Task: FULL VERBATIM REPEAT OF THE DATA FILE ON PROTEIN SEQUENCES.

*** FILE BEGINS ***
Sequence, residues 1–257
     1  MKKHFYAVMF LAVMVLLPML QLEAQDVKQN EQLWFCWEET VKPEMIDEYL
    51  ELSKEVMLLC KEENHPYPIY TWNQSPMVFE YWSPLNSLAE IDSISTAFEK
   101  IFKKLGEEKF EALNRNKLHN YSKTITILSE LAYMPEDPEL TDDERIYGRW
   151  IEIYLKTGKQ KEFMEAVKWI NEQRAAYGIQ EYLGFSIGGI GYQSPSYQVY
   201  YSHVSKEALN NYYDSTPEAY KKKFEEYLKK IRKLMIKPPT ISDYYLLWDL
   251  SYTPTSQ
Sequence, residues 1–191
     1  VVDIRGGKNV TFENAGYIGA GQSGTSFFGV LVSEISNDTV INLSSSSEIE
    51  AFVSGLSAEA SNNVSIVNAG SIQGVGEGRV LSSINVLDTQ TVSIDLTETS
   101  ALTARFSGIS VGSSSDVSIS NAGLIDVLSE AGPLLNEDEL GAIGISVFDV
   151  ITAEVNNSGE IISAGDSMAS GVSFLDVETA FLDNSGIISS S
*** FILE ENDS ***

Sequence, residues 1–257
     1  MKKHFYAVMF LAVMVLLPML QLEAQDVKQN EQLWFCWEET VKPEMIDEYL
    51  ELSKEVMLLC KEENHPYPIY TWNQSPMVFE YWSPLNSLAE IDSISTAFEK
   101  IFKKLGEEKF EALNRNKLHN YSKTITILSE LAYMPEDPEL TDDERIYGRW
   151  IEIYLKTGKQ KEFMEAVKWI NEQRAAYGIQ EYLGFSIGGI GYQSPSYQVY
   201  YSHVSKEALN NYYDSTPEAY KKKFEEYLKK IRKLMIKPPT ISDYYLLWDL
   251  SYTPTSQ
Sequence, residues 1–191
     1  VVDIRGGKNV TFENAGYIGA GQSGTSFFGV LVSEISNDTV INLSSSSEIE
    51  AFVSGLSAEA SNNVSIVNAG SIQGVGEGRV LSSINVLDTQ TVSIDLTETS
   101  ALTARFSGIS VGSSSDVSIS NAGLIDVLSE AGPLLNEDEL GAIGISVFDV
   151  ITAEVNNSGE IISAGDSMAS GVSFLDVETA FLDNSGIISS S